Director/co-writer Ariel Vromen’s The Iceman opens this weekend in limited release. The drama is based on the book by Anthony Bruno that chronicles the life of Richard Kuklinski (played by Michael Shannon), a professional hitman who kept his work secret from his family. The contract killer received the nickname “The Iceman” because he froze the bodies of his victims in order to disguise their time of death and throw the authorities off track. The film also stars Chris Evans, Ray Liotta, Winona Ryder, Robert Davi, and Danny Abeckaser. For more on The Iceman, watch the trailer.
At the recent Los Angeles press day, I landed an exclusive interview with Winona Ryder. We talked about making The Iceman, the way she prepares for a role, her most challenging role, if she still has to audition, her obsession with The Wire and The Big Lebowski, and a lot more. Hit the jump to either read or listen to what she had to say.
Click here to listen to the interview, or read the full transcript below.
WINONA RYDER: Thank you so much.
You’ve had quite a career and you’ve taken quite a few different roles. When you look back on your career and your resume, what do you remember as being the toughest role, or maybe the one you had to work the hardest for?
RYDER: Oh God. That’s a great question. It’s just hard.
Well maybe it can be plural. Tell me some of the hardest roles.
RYDER: I would have to say The Crucible stands out because it was one of the best experiences I’ve ever had, but, you know, Arthur Miller being present on the set – which was wonderful and incredible – but, to have him in your eye line is quite intimidating. It’s such a beautiful language he created, so that was challenging but exciting. Do you mean hard as in like-
I’ve spoken to a lot of actors. It’s so interesting because some actors relish the minute they get the script and the whole project, breaking it down, preparing as hard as they can. And, I’ve spoken to some actors that really try to wait until closer to be in the moment and fresh, and it’s such an interesting difference.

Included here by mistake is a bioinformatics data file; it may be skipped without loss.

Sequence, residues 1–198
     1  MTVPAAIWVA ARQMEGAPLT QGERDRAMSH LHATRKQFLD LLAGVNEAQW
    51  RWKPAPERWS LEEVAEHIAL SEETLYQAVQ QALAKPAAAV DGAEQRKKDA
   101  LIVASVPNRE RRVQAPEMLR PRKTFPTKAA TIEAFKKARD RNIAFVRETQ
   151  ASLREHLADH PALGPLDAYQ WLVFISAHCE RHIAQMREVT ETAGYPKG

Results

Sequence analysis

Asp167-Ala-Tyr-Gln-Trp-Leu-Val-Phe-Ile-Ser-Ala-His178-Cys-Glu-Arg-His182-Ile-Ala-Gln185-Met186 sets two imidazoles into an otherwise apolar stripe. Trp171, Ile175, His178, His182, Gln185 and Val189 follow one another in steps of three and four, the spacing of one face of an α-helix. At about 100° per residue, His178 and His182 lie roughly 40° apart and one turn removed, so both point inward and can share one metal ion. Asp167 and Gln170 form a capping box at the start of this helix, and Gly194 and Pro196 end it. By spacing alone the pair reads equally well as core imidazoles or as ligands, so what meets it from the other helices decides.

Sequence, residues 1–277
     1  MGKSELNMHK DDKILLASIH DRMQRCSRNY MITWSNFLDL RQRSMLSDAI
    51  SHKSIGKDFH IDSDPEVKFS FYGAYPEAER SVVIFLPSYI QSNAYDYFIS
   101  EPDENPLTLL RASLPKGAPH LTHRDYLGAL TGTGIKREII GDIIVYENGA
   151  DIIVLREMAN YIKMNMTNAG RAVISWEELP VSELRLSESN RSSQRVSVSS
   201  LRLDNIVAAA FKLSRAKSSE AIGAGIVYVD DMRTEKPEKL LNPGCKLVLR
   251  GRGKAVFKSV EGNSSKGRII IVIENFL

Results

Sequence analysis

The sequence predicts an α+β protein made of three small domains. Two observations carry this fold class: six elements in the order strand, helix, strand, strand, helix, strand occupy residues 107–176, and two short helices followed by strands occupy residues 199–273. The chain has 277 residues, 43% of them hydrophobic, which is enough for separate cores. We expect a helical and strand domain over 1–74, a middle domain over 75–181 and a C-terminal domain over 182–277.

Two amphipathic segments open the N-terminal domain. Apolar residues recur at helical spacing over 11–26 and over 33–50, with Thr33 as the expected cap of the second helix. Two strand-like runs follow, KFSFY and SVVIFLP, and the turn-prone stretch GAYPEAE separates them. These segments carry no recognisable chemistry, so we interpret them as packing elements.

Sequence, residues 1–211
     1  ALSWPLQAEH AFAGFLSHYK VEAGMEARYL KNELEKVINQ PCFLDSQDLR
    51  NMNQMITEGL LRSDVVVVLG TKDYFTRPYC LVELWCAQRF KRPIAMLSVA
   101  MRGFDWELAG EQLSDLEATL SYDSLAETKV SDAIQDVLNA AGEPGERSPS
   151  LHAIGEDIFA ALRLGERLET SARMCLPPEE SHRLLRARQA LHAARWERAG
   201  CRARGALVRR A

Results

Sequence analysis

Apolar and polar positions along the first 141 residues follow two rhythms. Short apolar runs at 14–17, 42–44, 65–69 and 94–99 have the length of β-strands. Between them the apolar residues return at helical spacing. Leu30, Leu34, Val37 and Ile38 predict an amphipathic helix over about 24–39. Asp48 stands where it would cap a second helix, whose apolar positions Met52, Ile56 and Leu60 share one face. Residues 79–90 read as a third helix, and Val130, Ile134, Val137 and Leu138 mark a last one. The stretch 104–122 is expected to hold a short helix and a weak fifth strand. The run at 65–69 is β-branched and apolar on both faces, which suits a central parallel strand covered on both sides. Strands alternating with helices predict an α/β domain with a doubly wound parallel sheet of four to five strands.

RYDER: Yeah. Well, you know what I learned though, which is so interesting, is that, you can prepare for years. You can do everything “right.” You can do every type of research and reconnaissance and if you’re not in the moment, or if the person you’re working with isn’t present with you, it all just crumbles away. So, I do feel that research and all of that is important, and to be prepared: obviously, knowing your lines and everything, but I do find that the most important thing is to be present. There’s a line from The Big Lebowski, it’s a zen thing. You have to be present, because if you’re not, then you’re waiting to say your line or you’re waiting for them to finish their line. So it’s all about being present, and you get that when you work with great actors, which is fantastic, but I try to do that as well. And I try to do that in my life too. One of the quotes that I like the most and I try to live by is John Lennon: “life is what happens when you’re busy making other plans.” It’s happening. It’s right now, like right this minute even while we’re talking, so it’s important that I’m listening to you. You know what I mean? It’s just, to me, that is a very important way to work, and an important way to live.
RYDER: (laughs) Oh God, don’t get me started. You’re gonna enter a whole world of pain, Donnie! You’re out of your element, Donnie!
I’m just throwing that out there. Here’s another one, which hopefully you haven’t been asked for a while. When was the last time you had to audition for a role?
Or is auditioning something you enjoy?
RYDER: You know, it depends, because there’s auditions and then there’s auditions. There’s times when I think they honestly just wanna see you in the room with the person – with that other actor – and then, I just heard this for the first time. I think they call it chemistry meets or reads or whatever. I never mind. I’m very open. I don’t have any aspirations to direct or anything, but for me, it makes sense, I might wanna see that. But then again, I know it might be a hard thing to ask certain actors when they have a body of work. So, I kind of get both sides, but I’m pretty open and I understand, especially if it’s a role that’s not unusual for the person or they haven’t done it before. You know?
RYDER: But it’s from an actor’s point of view, and it’s much nicer when they pose the question or frame it as, “let’s come in and go through the script and talk.” Then you feel less pressure, you know what I mean?
In the short amount of time I get to talk to you today, I might as well talk about Iceman. Just throwing that out there. This is obviously based on real people and a real life situation. When you’re researching the role, how much is real versus “Hollywood-izing” the importance of creating a movie while also being honest to the people and story?
RYDER: That’s tough. And to be honest, I feel like that’s probably, (pauses) are you gonna be talking to the other guys?